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BS: Borscht

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Joe Offer 11 Apr 09 - 06:00 PM
Leadfingers 11 Apr 09 - 06:30 PM
John on the Sunset Coast 11 Apr 09 - 06:38 PM
artbrooks 11 Apr 09 - 06:54 PM
Q (Frank Staplin) 11 Apr 09 - 09:09 PM
The Sandman 12 Apr 09 - 05:27 AM
Q (Frank Staplin) 12 Apr 09 - 12:54 PM
Joe_F 12 Apr 09 - 09:00 PM
Q (Frank Staplin) 12 Apr 09 - 09:43 PM
open mike 12 Apr 09 - 11:58 PM
Bill H //\\ 13 Apr 09 - 04:56 PM
Joe_F 13 Apr 09 - 08:54 PM
Janie 13 Apr 09 - 11:16 PM
Jim Dixon 14 Apr 09 - 12:14 AM
ClaireBear 14 Apr 09 - 03:07 PM
GUEST, Ebbie 14 Apr 09 - 06:34 PM
Bill H //\\ 14 Apr 09 - 06:42 PM
ClaireBear 14 Apr 09 - 07:33 PM
GUEST,yelena 16 Mar 10 - 10:44 PM
Charmion 17 Mar 10 - 09:11 AM
open mike 17 Mar 10 - 04:40 PM
Charmion 17 Mar 10 - 04:41 PM
GUEST,leeneia 18 Mar 10 - 06:56 AM
GUEST,Charmion's brother Andrew 18 Mar 10 - 07:37 AM
robomatic 18 Mar 10 - 12:36 PM

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Subject: BS: Borscht
From: Joe Offer
Date: 11 Apr 09 - 06:00 PM

Well, it's Holy Saturday, and my Polish wife and her 94-yr-old Polish mother have finished making the cheesecake and are now making the borscht in Polish, barszcz). This, I find, is one of the many advantages of being married to a Polish woman, because her borscht (with a large dollop of hoseradish) and a couple of beers are enough to send a man to heaven.

So, I was wondering what Borscht recipes and customs others might have. Here's Christina's heirloom family recipe:
    Borstch (mom's spelling) - makes 8 quarts.
    Simmer (in water just to cover) pork bones or ribs about 1-1/2 hours - till tender - strain - use meat for other recips -
    Grind - coarse - 8 Cans Beets - use liquid - Beets do not need boiling - they are ready to eat. (but Christina, being an Organic Woman, uses fresh beets)
    Bring to Simmer -
      add 3/4 cup Sugar
      1/2 cup + 2 Tablespoons Vinegar (white preferred or cider vinegar)
    Blend 1 cup milk with 5 Tablespoons cornstarch - till smooth-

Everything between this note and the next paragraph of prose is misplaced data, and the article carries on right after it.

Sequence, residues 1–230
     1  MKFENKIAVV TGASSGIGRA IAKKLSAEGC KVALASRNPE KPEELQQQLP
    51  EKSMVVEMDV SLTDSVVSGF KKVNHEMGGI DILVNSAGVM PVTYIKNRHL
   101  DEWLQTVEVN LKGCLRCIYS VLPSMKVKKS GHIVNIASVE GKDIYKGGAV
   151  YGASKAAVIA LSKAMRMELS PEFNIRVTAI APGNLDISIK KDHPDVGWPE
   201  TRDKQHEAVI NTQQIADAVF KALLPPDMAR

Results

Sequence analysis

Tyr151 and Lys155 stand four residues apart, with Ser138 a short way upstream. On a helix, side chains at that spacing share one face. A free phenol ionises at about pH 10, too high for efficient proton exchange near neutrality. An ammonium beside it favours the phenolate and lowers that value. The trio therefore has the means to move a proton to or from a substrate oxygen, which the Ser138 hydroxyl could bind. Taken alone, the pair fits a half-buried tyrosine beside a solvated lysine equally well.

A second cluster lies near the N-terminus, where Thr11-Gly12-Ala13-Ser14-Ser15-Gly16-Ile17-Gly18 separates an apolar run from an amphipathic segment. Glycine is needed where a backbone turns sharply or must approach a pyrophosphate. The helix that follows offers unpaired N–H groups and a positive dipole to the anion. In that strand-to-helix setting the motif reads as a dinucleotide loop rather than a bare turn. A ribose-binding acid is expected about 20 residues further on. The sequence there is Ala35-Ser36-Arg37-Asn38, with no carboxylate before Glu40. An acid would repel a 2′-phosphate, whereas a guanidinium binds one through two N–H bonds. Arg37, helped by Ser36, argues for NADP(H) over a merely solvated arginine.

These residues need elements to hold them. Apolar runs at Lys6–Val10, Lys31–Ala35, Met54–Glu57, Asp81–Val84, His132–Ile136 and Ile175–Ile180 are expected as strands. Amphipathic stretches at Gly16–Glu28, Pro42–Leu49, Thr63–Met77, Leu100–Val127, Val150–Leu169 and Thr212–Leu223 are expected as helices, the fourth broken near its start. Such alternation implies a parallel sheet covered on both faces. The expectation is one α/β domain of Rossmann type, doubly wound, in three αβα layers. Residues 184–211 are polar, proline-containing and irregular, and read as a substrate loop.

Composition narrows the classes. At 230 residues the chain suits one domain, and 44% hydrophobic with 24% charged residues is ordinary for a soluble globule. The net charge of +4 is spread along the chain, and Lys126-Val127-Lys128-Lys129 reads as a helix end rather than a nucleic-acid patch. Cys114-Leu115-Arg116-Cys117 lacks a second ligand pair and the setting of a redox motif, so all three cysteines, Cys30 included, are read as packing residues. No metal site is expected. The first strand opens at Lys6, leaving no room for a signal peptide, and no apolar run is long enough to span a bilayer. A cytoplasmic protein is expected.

While Borstch is simmering add Mixt. - Slowly-
    So as not to curdle - ass some Broth to Mixt. will help.
    Cut Up 12 hard cooked eggs. Add to Borstch - no simmer
    "   " 1-1/2 pound Kielbasa - boiled & peeled - add water from kielbasa to borstch
    "   " 4-5 oz. white horseradish or to taste. (we now add it at the table, because Grandma doesn't like the hot stuff like she used to)

So, that's it. With the mixture of meat and dairy, it's certainly not Kosher. With the Kielbasa, it's certainly not organic or vegetarian - but Christina claims Kielbasa is a Polish vegetable. Any other recipes?

-Joe, preparing to feast-


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Subject: RE: BS: Borscht
From: Leadfingers
Date: 11 Apr 09 - 06:30 PM

We could always sing ' Borscht a song at Twilight' I suppose


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Subject: RE: BS: Borscht
From: John on the Sunset Coast
Date: 11 Apr 09 - 06:38 PM

Hi Joe-

There are several borschts (my family's spelling, too). Beet Borscht, Cabbage Borscht, etc. In my Jewish experience (not necessarily the exemplar for Jewish food) borscht is a vegetable soup, usually served cold, and in the case of the beet borscht usually served with a dollop of smetena, a fancy schmancy word for sour cream...not the composer

While I like soups in general...four or five times a week like them..., I have never seen a reason for existence of Beet Borscht. It is, for me, the James Taylor of soups. How-some-ever, if I ever decide to like it, I'll try your recipe.


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Subject: RE: BS: Borscht
From: artbrooks
Date: 11 Apr 09 - 06:54 PM

Sounds good, Joe - especially the beer and kielbasa part. My first experience with borscht was my wife's Grandma Masha's...which was enough to send anyone off to the cupboard for a can of Campbell's chicken noodle. That looks good - but it also looks like enough to feed a small army.


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Subject: RE: BS: Borscht
From: Q (Frank Staplin)
Date: 11 Apr 09 - 09:09 PM

Joe, I have a Ukrainian Barszcz recipe that I took down verbally from a Ukrainian cook whose parents homesteaded close to the Hudson's Bay river 'lot' we once had near Smoky Lake, Alberta. Ukrainian settlers are dominant in that part of Alberta (Some Poles also settled in the area, but they mostly have moved to the big cities of Edmonton and Calgary). Most of the Ukrainians came from what once was called Bessarabia, an area now mostly Moldova.

This recipe is a bit incoherent; I don't have my wife handy to help me, but your wife and others might find something of interest in it.

The basis is a 'soup stock.'
6 cups soup stock, which was prepared as follows:
2 pounds brisket, or other meat
10 cups cold water
A marrow bone
3 carrots
1 celery root
1 parsley root
1 large leek
1 1/2-2 medium onions (baked!)
1/2 head savoy cabbage (optional)
3-4 dried mushrooms (gathered locally, not those white things)
Salt, pepper, to taste.
1 tbs fresh chopped dill, (or parsley)

The soup-
6 cups of the soup stock, with pork meat, dried mushrooms and beets added.
2 beets, preferably cut in fine strips (or more)
1/2 head savoy cabbage
5 medium tomatoes, quartered